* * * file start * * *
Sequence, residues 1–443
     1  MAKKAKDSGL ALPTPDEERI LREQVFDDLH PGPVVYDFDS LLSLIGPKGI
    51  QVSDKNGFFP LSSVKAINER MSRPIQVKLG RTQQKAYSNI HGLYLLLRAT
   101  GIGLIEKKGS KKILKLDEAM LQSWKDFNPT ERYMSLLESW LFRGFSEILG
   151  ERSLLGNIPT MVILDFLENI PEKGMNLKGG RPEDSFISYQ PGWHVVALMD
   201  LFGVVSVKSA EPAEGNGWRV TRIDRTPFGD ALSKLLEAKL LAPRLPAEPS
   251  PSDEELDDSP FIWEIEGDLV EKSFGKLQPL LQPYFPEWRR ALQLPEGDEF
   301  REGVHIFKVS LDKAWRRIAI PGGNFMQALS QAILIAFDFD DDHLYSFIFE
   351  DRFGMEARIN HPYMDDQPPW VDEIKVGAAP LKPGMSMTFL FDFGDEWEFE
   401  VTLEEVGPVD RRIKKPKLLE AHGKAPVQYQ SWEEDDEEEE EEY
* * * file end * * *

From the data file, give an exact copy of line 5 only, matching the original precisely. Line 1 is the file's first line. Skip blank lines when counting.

   151  ERSLLGNIPT MVILDFLENI PEKGMNLKGG RPEDSFISYQ PGWHVVALMD